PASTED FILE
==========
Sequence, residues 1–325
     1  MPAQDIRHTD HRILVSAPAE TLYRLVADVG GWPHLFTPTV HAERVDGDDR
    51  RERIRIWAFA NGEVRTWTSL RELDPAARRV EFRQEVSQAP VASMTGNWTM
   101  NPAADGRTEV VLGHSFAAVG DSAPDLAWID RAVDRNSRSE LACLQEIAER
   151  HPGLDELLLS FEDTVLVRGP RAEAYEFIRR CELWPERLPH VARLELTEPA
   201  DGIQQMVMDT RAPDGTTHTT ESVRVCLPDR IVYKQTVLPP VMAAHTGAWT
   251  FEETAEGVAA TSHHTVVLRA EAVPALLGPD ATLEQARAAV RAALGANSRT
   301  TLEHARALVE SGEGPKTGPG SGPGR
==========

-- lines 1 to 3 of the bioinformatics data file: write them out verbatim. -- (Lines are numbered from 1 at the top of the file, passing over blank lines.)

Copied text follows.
Sequence, residues 1–325
     1  MPAQDIRHTD HRILVSAPAE TLYRLVADVG GWPHLFTPTV HAERVDGDDR
    51  RERIRIWAFA NGEVRTWTSL RELDPAARRV EFRQEVSQAP VASMTGNWTM